By Eliz Greene Alarming results in a recent study indicate strokes among middle-aged women have tripled. Heart attack-survivor Eliz Greene provides insight on the trend and tips to reduce your risk of stroke.
Most 35-year-old women would consider themselves safe from the risk of stroke, but a new study indicates they should be worried. Strokes in women ages 35 to 54 have tripled sending a wake-up call to us all. Women’s waistlines have increased by two inches over the last decade and doctors believe the rise in strokes is directly related to an increase in obesity in the same age group.
How can you control your risk of stroke?
Maintain a healthy weight.
When you maintain a healthy weight your blood sugar, blood pressure, and cholesterol are likely to be in control as well. Give your body what it needs by:
- Moving more: Just three 10-minute walks per day can make a big difference in your health. Take a lap around the parking lot before you go into work. Stalk the halls at lunch. Take a victory lap and say good night to everyone on your way out the door. Move more every day and decrease your risk.
- Shun the sweetener: Studies have shown artificial sweeteners trick the body into producing more fat. Avoid packaged foods with artificial sweeteners and put away the packets! Tips to shun the sweetener.
- Skip the soda: Researchers contend the obesity epidemic could be stopped if we just curtailed soda drinking. Consider soda a sweet-treat rather than beverage and drink it sparingly.
- Munch on fruits, nuts, and veggies: Fill up on a big salad, a healthy apple, or a handful of almonds and avoid packaged and processed foods. Natural foods pack in nutrients and do not have added sugar and salt which cause your body to retain more fat. Tips for better eating.
Breathe clean air.
Especially if you are on the pill or patch for birth control, smoking and secondhand smoke dramatically increases your risk of stroke. The good new is your health begins to improve the day you quit! More information and resources to quit.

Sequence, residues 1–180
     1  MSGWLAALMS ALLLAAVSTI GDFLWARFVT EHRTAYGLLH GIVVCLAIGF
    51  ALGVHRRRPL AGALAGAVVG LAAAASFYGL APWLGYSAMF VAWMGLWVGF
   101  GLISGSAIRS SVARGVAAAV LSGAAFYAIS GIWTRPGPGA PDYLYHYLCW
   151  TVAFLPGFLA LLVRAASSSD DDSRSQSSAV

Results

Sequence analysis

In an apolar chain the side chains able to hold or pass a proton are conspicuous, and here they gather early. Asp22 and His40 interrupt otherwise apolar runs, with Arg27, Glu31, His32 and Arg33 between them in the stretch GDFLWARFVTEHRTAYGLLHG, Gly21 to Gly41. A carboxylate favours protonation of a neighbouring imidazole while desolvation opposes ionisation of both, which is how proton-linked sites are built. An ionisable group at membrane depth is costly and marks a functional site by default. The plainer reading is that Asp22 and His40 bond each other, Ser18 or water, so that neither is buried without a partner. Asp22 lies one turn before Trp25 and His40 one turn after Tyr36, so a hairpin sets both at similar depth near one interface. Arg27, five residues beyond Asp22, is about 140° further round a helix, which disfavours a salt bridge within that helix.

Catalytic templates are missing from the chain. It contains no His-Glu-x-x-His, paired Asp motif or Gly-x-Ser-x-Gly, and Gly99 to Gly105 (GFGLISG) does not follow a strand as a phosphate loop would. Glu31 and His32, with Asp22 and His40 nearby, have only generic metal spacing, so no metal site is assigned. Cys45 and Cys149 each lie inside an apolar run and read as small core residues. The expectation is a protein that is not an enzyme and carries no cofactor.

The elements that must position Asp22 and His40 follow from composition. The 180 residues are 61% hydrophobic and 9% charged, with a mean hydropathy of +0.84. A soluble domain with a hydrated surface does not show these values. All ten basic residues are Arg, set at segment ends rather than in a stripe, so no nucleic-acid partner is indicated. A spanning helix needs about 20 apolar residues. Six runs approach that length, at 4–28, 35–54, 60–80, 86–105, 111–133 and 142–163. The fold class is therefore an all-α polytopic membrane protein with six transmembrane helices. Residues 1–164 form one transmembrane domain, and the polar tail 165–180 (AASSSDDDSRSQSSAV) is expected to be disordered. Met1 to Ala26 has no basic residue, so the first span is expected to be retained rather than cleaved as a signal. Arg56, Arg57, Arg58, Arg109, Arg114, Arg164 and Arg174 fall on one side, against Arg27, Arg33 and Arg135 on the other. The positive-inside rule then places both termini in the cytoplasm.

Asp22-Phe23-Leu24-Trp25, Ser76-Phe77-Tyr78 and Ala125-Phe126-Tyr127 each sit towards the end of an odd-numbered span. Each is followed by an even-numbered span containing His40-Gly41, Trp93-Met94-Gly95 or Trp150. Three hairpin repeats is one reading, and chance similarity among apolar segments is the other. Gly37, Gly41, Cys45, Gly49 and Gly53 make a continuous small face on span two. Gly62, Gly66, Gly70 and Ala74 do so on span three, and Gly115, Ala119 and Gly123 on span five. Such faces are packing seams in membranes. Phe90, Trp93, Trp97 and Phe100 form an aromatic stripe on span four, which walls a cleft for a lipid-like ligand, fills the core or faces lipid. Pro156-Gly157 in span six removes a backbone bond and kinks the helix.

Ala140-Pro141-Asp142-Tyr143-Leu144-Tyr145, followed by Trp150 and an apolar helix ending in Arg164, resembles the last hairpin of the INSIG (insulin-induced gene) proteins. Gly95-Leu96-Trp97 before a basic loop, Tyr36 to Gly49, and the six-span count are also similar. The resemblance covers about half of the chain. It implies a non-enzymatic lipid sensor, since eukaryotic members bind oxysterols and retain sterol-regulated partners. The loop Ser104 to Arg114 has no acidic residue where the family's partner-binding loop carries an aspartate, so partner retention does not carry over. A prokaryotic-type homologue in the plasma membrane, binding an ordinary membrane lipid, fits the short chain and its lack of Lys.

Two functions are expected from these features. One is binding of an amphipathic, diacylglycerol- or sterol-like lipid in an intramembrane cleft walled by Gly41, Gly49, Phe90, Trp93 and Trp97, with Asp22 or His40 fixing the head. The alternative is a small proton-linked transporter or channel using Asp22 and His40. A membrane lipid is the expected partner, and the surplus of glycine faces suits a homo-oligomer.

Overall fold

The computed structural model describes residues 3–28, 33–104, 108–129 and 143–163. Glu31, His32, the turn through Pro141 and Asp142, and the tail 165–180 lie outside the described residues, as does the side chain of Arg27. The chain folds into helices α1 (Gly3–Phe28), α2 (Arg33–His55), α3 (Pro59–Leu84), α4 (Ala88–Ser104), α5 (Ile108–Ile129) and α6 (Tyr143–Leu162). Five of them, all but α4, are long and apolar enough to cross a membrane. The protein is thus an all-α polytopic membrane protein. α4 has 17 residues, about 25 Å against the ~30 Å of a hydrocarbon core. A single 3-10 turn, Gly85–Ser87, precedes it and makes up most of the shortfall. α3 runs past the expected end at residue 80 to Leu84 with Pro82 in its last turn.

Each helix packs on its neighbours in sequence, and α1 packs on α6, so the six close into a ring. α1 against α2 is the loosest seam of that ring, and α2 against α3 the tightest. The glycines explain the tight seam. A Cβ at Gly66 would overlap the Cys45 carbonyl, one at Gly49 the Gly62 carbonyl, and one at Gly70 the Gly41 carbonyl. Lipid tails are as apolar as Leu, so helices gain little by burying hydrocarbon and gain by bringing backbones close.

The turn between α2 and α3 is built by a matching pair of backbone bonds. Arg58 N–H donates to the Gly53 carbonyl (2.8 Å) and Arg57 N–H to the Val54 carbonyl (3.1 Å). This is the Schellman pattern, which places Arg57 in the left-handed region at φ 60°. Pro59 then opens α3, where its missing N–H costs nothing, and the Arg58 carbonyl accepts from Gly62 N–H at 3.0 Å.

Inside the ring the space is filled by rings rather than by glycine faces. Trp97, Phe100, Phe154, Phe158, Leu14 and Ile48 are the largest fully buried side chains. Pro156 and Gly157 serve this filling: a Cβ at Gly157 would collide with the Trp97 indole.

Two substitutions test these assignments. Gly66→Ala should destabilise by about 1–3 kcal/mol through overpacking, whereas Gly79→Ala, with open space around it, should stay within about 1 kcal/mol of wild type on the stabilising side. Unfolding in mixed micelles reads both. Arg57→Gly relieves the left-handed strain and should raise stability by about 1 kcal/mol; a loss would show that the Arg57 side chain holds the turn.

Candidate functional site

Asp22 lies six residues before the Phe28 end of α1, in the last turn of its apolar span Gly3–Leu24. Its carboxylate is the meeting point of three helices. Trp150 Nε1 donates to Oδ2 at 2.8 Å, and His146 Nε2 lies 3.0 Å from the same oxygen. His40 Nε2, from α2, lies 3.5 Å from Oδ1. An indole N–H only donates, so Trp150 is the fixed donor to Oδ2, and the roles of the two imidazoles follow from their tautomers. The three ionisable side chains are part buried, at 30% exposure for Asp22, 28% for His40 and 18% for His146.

Check your blood sugar.
Diabetes more than doubles your risk of stroke, but did you know even slightly elevated blood sugar levels increase your risk? Visit your doctor and evaluate your risk.
Control your blood pressure.
Known as the silent killer, uncontrolled blood pressure is one of the leading causes of stroke. Have your blood pressure checked and seek treatment if your top number is greater than 120 and your bottom number is greater than 80. Even small increases in blood pressure are damaging.
Manage your cholesterol.
Too much “bad” cholesterol (LDL) builds up in your blood vessels and causes clots and blockages. Get tested and be vigilant in reducing your “bad” cholesterol and maintaining your “good” cholesterol.
Stress is a major risk factor for stroke. Take at least five minutes per day to be still, breathe deeply, and release the stress of your day.
Know the signs.
Do your best to reduce your risk and avoid a stroke, but if you have the symptoms of a stroke you must also act quickly to survive and recover well. Ask yourself, or someone you encounter, three questions to determine if it is time to call 911:
- Can you smile?
- Can you say your name?
- Can you raise BOTH hands over your head?
A no to any one of the three questions indicates trouble. Call 911 and start getting the right kind of help immediately.
For more Healthy Lifestyle Tips for Busy People visit Eliz’s blog at www.EmbraceYourHeart.com.
Eliz Greene survived a heart attack at age thirty-five while seven-months pregnant with twins. She is a heart health educator, freelance writer, and speaker on a mission to help busy people lead healthier lives.